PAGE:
Stop, Drop and Roll

Businessman crossing his fingers behind his backI sit here today a recently unemployed public relations professional who is giving serious consideration to a career change.  I graduated college in 2005 and immediately entered the biz.  I had high hopes for myself and took every experience for what it was worth, learning every moment and dedicating myself and my career to the agency and clients at hand.  I loved it and have loved working in this field for over five years.

Recently I’ve made a few career moves to learn more, give myself more opportunities and resources, and also to make more money.  I’ve gone from a small agency of two, to a mid-sized agency of 25+ and I’ve noticed a few things along the way that I thought I’d share from my perspective.

I want to make more money, we all do.  But, I don’t want to make more money and love my job less.  Sounds like a simple statement that we can probably all share and support but in the public relations business, I’m not sure at my ripe age of 28, that I can see this as a reality.  With every agency move, I have indeed made more money.  But I also see things happening within the larger agencies that I strongly disapprove of and disagree with.

I pride myself on client communications and managing expectations.  I strongly believe that we can only, as PR pros, do a good job – if our clients think we’ve done a good job.  So instead of promising my clients that they’ll be on the TODAY show, I promise them that I will do everything I can to make that happen and will shower them with more realistic placements until that happens.  My method has always resulted in the clients being happy with the coverage I’ve delivered and a mutual understanding that it takes hard work and a little luck.

The bigger the agency – the more promises I see being made and in the long run being broken, resulting in unhappy clients and a loss in revenue to the agency, which we all know results in a lot of high anxiety and tensions among the entire agency staff (equals unhappy working environments for many).  I can’t sit by and continue to watch this happen without stopping for at least a second and screaming publicly to STOP IT!  Public Relations is above all else, an industry of people and effective communications.

If the agencies can’t communicate what they’re realistically capable of, how are we to convince our clients that we can communicate their messages effectively also?

We owe it to our clients and to ourselves to be honest and to successfully manage expectations on all ends, so that everyone has the ability to WIN.  If Joe Schmo is knocking down your door with a widget that he swears can tell the future and is destined to be the next big thing, and he happens to have a million dollars that he’s willing to give you to go out and get him on the TODAY show – I strongly urge the agency higher ups to stop, drop, and roll.  Yes the millions are tempting, your agency needs it, this is a recession.  But is it really going to be worth it to you to accept this man’s money when you know in your heart of hearts that no one is going to buy that this guy’s widget can tell the future?  Instead of accepting his money and giving him some form of commitment – perhaps you might be more ethically suited to say, “I’m sorry Joe, but I don’t feel this is the right fit for our agency, best of luck.”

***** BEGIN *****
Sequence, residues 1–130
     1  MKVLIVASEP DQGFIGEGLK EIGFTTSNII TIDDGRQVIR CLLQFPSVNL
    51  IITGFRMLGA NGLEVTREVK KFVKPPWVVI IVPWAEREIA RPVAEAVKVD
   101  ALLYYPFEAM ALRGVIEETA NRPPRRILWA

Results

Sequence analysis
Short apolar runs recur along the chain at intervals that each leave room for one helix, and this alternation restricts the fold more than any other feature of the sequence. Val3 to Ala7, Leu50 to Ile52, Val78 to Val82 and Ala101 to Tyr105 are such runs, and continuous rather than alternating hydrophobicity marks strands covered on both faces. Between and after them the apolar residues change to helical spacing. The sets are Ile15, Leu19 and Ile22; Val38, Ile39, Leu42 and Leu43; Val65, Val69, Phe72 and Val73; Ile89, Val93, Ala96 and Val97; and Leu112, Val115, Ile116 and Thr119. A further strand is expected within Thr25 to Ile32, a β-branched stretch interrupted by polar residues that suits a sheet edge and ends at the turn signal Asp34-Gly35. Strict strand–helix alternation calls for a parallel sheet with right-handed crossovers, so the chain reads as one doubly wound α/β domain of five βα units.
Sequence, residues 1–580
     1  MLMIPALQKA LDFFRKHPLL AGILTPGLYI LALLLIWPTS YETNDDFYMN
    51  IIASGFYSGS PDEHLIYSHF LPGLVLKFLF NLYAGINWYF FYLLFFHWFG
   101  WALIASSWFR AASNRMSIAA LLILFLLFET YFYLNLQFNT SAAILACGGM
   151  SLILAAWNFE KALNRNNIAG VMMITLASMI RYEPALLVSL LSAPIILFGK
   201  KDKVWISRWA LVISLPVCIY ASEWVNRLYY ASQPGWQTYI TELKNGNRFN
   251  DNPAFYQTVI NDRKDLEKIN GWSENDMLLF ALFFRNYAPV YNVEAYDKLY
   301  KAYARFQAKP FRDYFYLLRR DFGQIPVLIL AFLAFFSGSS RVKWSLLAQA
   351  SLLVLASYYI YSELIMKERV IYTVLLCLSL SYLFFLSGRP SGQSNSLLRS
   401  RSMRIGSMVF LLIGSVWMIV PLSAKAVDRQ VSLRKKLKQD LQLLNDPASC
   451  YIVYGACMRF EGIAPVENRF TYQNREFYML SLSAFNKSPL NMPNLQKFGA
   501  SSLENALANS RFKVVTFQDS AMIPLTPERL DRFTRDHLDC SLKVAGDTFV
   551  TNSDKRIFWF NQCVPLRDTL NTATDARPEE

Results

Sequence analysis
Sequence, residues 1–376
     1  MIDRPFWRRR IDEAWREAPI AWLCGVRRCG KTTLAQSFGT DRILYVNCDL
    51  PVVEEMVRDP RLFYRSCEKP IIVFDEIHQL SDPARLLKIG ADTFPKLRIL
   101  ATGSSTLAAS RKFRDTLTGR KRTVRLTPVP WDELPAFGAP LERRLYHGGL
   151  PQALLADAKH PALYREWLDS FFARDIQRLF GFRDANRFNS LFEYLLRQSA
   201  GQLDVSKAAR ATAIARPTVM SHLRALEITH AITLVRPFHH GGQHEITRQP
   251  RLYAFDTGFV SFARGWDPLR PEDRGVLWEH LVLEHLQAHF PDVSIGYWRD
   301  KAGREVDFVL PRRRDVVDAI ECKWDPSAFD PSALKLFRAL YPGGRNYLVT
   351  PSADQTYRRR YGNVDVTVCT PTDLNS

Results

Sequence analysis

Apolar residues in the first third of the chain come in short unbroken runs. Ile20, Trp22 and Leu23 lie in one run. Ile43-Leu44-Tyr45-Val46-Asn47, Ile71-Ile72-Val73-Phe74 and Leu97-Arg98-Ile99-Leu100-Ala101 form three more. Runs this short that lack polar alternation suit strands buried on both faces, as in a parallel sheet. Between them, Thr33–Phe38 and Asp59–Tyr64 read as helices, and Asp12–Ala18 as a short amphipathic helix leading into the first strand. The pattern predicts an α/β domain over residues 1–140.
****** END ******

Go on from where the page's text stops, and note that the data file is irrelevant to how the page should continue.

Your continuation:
With that honest and reasonable response, you just protected your integrity, your agency’s integrity and the sanity of everyone on your staff.  Now your employees can sleep tight knowing that their leaders are not blinded by money and actually have a vision for the company’s future, which in the end – keeps the ship together and keeps everyone at that agency motivated to come to work, and do their best for the team, because they know their management is standing behind them, their work, and their capabilities.  Most of all they learn, that it’s not about the money, it’s about the job, and a job well done.

To sum this up – ethics and integrity play a big role in our everyday decisions and actions within this industry – we already have a bad wrap as spin-doctors, etc…  I’d like to think that there’s a future for us publicists who just want to do genuine, wholesome work while being honest.  I’d like to think that we can make a decent living without having to sell our souls for the all mighty dollar.  Hopefully I’m right.

Jennifer Cosgrove grew up in Warwick, NY and graduated from Champlain College in 2005 with a bachelor’s degree in Public Relations & Media Communication.  Out of college, Jennifer worked for her local newspaper as a journalist and editorial assistant while simultaneously getting her feet wet at a small public relations agency.  Over the years she has worked at various boutique agencies and represented a wide variety of clients including Adventures in Travel Expo, The LOHAS Forum, The Smucker’s Stars on Ice Tour, The Wiggles,, SunDurance Energy and more.  Jennifer’s interests include wine tastings, gourmet foods, music, travel and pop culture.  To reach Jennifer you can email her or follow her on Twitter.

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